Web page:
The new season is coming up. On St. Olaf College’s composite athletic calendar, the only sports with their schedule up are the men and women’s tennis teams. They are prepared to play in a socially distanced world.
It makes sense. Tennis matches have comparatively few athletes on the court, and opposing teams are never required to get close to one another. The game won’t be the same, but at least it can still be played.
While most sports hibernate, waiting for when it’s safe enough to play their games as usual, this Throwback Thursday can shine a light on a great moment of St. Olaf tennis history. One stands out: an alum who won the state singles championship two years in a row back in the 1930s.
Ralph Engstrom ’35 grew up in Northfield. He attended Northfield High School and graduated his junior year in order to attend St. Olaf College. His father, Adolph Engstrom, worked at St. Olaf as a professor of voice. Ralph Engstrom would go on to earn a degree in physics and work as an assistant at Northwestern University in Evanston, Ill.
Throughout high school and college, Engstrom played tennis. His first great success came in 1933 when he won the singles state championship. The match — played against a student from St. Thomas University — lasted an exhausting two and a half hours. The sets were 2-2 before Engstrom won the final decisive game. This was the first time in a number of years that a man from St. Olaf held the title of champion, which is why it was so impressive that Engstrom managed to do it again the next year.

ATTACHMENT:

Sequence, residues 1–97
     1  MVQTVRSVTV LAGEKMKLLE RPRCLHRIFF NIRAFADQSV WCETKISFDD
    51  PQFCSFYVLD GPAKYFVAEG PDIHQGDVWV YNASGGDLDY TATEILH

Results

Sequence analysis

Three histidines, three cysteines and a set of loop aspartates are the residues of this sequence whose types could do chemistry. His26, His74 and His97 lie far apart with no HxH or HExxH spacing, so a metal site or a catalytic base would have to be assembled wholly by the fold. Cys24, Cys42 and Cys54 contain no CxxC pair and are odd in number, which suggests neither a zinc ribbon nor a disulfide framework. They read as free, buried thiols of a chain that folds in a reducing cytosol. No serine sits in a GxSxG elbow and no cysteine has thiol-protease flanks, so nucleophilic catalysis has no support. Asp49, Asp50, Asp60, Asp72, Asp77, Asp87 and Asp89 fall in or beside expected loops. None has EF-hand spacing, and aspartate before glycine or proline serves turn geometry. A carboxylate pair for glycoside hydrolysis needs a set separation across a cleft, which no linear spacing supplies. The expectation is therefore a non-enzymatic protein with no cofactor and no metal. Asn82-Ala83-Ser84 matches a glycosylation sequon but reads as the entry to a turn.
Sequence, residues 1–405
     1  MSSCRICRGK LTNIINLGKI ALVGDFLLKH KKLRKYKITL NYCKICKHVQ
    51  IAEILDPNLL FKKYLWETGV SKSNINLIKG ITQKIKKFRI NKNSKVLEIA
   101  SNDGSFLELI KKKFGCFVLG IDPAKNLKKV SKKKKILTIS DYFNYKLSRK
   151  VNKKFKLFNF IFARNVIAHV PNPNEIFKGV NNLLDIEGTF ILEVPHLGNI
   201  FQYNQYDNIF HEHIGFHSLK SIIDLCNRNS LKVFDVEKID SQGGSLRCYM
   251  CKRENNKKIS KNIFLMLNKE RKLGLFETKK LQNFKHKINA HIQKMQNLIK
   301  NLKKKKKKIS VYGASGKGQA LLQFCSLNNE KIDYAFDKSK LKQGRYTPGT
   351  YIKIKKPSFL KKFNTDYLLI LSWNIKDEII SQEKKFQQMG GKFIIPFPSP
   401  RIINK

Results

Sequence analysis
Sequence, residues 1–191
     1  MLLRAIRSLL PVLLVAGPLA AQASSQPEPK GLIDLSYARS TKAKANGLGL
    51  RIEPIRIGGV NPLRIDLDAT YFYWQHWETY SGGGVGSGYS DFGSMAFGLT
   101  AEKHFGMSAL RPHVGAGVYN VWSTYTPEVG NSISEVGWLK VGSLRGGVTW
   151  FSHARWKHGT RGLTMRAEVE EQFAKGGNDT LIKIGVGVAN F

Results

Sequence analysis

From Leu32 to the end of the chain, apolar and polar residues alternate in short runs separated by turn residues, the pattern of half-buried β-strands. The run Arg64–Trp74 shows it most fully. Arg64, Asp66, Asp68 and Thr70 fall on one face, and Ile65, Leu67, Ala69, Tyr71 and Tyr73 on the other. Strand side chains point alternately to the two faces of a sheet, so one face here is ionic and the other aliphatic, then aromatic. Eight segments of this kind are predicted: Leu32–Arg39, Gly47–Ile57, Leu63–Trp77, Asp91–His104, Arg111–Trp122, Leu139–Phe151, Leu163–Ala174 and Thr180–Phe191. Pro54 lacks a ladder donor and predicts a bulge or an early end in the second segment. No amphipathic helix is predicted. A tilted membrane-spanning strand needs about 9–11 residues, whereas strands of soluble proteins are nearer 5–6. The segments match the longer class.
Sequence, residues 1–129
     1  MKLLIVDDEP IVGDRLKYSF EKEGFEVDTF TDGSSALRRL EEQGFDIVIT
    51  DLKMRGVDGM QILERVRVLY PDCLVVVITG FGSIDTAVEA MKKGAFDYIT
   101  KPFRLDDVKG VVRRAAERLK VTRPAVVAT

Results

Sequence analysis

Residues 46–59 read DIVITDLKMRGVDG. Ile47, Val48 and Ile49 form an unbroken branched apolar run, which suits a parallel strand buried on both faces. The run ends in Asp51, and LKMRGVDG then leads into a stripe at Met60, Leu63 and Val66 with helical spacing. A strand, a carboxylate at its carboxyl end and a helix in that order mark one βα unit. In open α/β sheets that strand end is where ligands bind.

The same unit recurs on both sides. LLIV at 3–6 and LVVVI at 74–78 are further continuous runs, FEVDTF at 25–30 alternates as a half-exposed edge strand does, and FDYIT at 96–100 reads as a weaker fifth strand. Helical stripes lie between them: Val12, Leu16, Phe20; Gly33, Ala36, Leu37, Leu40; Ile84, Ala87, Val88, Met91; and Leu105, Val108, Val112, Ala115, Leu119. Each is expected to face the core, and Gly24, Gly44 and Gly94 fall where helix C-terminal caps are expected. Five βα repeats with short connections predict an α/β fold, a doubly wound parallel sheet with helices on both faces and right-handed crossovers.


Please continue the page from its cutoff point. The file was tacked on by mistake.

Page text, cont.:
In 1934, Engstrom beat out a student from Gustavus for the title of state champion after losing the first two sets. With a well of motivation that had run dry, Engstrom won the third set 6-1. He stole the fourth set, and then won the final set 7-5. With that, he was a double state champion. During his senior year at St. Olaf, he was captain of the team. His success was a shining moment for the College and its tennis program.
Since then St. Olaf’s tennis teams have had their ups and downs, but no moment stands out stronger than Ralph Engstrom. With the newest season about to start, it’s nice to remember a story of triumph.
While everyone waits for normalcy to return to athletics, St. Olaf is not remaining dormant. No one is. Athletes continue to train and practice while keeping safe. Once college sports return, people are bound to receive a lush season. With tennis continuing to play during the pandemic, they continue to get better. Whether they want it or not, attention is focused on the men and women’s tennis teams — across all colleges in the Midwest, not just St. Olaf. The spring tennis season is planned to start in the beginning of March.
Who knows? Maybe the next state champion is coming around the corner.